Book Review: Emma John “Wayfaring Stranger: A Musical Journey in the American South” (Weidenfeld &Nicolson, 2020)

If you should decide to read this book be warned; you’re likely to spend a lot of your time, while reading it, smiling. You’ll frequently giggle and you will, occasionally, laugh out loud, all while nodding your head and making approving noises. Well, that’s what I did and I’d like to think I’m not entirely on my own in the way I react to good writing. Emma John is an award-winning British journalist and this is her second book, her first being ‘Following On: A Memoir of Teenage Obsession and Terrible Cricket’, which was named Wisden’s Book of The Year 2017. ‘Wayfaring Stranger’ is most definitely not about Cricket. Continue reading “Book Review: Emma John “Wayfaring Stranger: A Musical Journey in the American South” (Weidenfeld &Nicolson, 2020)”

Win “The Early Days Of Bluegrass” box-set with AUK

AUK have managed to get our hands on a copy of the 6 CD box set ‘The Early Days Of Bluegrass’ which we are pleased to offer as a prize in a special competition. The prize has been donated by The Bluegrass Country Foundation, an independent non-profit organisation founded in 2017 to provide financial and administrative support to Bluegrass Country, a bluegrass radio channel. Continue reading “Win “The Early Days Of Bluegrass” box-set with AUK”

How did bluegrass become the new sound of political protest across the US?

The Guardian ran a superb article over the weekend on a genre we don’t cover enough here on AUK –  bluegrass – partly because it appears to be the marmite of americana. The article focused on the genre’s recent gravitation towards activism: “Bluegrass has no history of protest music. Or rather, its protest has always been a passive, melancholic one, the sound of displaced workers longing for their home in the Blue Ridge Mountains far away. It is a music whose roots are bedded so deep in its nostalgic view of America that it can seem estranged from the modern world – and vice versa.” Continue reading “How did bluegrass become the new sound of political protest across the US?”

Who? What? Where? Why? & Werewolves “Greatest Hits” (Independent, 2019)

Indie bluegrass from Philadelphia? Complicated moniker? Super ironic album title? Hipster alert senses are tingling with this reviewer. However, let’s not judge a book by its cover. These guys (Andrew Fullerton and Matt Orlando) were formerly the crux of Philly rock scene stalwarts The Tressels, which is a much shorter, manageable band name. Continue reading “Who? What? Where? Why? & Werewolves “Greatest Hits” (Independent, 2019)”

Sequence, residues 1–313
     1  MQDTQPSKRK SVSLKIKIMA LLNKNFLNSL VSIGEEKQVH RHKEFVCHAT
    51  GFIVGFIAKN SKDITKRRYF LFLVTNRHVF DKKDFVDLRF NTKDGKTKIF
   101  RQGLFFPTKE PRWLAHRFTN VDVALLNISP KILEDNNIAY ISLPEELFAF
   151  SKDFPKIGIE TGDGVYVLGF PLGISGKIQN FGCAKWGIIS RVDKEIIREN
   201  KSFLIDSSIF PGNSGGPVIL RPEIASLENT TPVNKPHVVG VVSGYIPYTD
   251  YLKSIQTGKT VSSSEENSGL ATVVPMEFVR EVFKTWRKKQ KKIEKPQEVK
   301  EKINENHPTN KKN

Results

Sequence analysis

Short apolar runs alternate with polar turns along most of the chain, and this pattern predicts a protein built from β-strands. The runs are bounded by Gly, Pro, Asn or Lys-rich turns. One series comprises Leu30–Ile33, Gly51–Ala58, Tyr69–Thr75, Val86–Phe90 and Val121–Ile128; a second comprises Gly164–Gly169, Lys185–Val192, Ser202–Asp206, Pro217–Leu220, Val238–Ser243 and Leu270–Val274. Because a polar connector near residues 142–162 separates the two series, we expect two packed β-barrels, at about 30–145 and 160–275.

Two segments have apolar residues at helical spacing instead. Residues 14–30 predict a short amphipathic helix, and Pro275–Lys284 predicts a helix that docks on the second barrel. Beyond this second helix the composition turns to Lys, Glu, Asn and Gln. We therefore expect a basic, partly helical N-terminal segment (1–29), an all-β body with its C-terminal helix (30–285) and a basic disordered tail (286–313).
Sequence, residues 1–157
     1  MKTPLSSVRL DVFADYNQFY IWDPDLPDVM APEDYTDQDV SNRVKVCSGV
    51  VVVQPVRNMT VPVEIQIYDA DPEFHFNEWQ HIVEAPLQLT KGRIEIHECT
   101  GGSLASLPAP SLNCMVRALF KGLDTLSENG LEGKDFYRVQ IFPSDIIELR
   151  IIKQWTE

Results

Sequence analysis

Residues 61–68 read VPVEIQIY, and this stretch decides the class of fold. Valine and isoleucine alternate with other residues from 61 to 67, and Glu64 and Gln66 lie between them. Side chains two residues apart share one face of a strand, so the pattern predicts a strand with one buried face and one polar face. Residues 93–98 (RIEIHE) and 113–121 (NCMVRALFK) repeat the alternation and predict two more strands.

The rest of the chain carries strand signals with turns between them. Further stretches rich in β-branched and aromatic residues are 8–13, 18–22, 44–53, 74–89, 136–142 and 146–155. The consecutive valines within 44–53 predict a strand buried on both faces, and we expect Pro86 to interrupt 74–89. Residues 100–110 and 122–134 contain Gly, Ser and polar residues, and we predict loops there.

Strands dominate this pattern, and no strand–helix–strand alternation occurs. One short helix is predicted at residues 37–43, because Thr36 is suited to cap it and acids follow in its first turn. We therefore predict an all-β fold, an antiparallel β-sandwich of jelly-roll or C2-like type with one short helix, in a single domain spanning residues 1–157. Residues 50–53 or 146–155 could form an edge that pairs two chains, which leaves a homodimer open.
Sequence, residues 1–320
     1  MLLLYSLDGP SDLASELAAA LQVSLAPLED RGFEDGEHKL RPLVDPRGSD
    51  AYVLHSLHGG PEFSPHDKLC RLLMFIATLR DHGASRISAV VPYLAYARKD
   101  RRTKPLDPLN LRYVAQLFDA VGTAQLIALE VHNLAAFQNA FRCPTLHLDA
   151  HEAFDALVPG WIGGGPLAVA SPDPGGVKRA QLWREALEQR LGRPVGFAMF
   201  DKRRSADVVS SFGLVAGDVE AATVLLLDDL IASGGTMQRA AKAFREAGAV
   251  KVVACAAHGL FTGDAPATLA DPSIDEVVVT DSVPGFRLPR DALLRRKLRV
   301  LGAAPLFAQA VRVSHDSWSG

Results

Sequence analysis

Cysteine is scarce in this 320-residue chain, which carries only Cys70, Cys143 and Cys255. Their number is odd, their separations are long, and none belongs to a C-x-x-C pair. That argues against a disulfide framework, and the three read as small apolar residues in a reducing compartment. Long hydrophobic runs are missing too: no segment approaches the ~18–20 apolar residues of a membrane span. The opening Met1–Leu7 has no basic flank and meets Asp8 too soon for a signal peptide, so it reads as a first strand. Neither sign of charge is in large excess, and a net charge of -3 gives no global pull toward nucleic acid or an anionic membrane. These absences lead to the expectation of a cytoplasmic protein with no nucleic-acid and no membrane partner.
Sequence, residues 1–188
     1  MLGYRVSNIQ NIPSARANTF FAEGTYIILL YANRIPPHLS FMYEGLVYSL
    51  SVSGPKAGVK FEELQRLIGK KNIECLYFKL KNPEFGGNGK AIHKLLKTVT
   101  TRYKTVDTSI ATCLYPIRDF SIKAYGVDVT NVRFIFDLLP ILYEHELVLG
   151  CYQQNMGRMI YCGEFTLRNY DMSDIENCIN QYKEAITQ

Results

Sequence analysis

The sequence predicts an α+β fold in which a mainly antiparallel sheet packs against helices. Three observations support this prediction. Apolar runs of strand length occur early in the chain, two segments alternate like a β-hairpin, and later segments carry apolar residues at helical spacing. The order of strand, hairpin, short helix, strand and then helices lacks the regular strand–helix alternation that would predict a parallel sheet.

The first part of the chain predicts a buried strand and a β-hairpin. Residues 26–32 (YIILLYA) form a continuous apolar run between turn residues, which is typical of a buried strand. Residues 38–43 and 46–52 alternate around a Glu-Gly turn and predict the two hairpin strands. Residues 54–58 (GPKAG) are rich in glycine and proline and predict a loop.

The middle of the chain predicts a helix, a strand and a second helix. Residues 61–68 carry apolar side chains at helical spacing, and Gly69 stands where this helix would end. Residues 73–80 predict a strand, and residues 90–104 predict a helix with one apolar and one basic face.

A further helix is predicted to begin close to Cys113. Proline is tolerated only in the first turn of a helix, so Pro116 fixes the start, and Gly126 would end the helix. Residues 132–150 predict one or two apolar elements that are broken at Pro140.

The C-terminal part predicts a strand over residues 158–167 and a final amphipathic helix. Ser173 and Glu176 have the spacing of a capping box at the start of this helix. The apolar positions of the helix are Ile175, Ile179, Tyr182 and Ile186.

The Lonesome Ace Stringband “When The Sun Comes Up” (Independent, 2018)

There is something life affirming when Americana music is stripped back to the basics and this Canadian trio (Chris Coole – banjo, John Showman – fiddle and Max Heineman- double bass) head to the hills with this excellent string driven selection of songs old and new.  They might hail from north of the 49th parallel but their roots are in the likes of Mississippi John Hurt, Woody Guthrie and John Hartford, a century’s worth of picking and singing to which they add their own fine compositions. Continue reading “The Lonesome Ace Stringband “When The Sun Comes Up” (Independent, 2018)”

Viper Central “The Spirit of God & Madness” (Independent, 2017)

Viper Central have been known as a first-rate Bluegrass band since their debut album The Devil sure is hard to please appeared in 2008, but this latest release – Viper Central’s third album – sees them heading off in some new directions. The Canadian quintet have taken the bold step to incorporate a more modern folk band feel onto several new tunes, as well as some western swing (the Mariachi trumpet infected Losing My Mind) and country-folk, it certainly makes for an eclectic mix and something quite different from their previous offerings. Continue reading “Viper Central “The Spirit of God & Madness” (Independent, 2017)”

The Andrew Collins Trio “And It Was Good” (Independent, 2017)

This is a difficult album to review simply because I’ve never heard anything quite like it before. For a start, it’s totally instrumental; unusual in the Americana genre, though the music does have its roots quite firmly in Bluegrass.  It’s also a concept album, something else that’s quite rare in this genre. And not just any old concept – this album takes the rather grand biblical story of creation as its theme. You certainly can’t accuse Andrew Collins and his band mates, Mike Mezzatesta and James McEleney of lacking ambition. Continue reading “The Andrew Collins Trio “And It Was Good” (Independent, 2017)”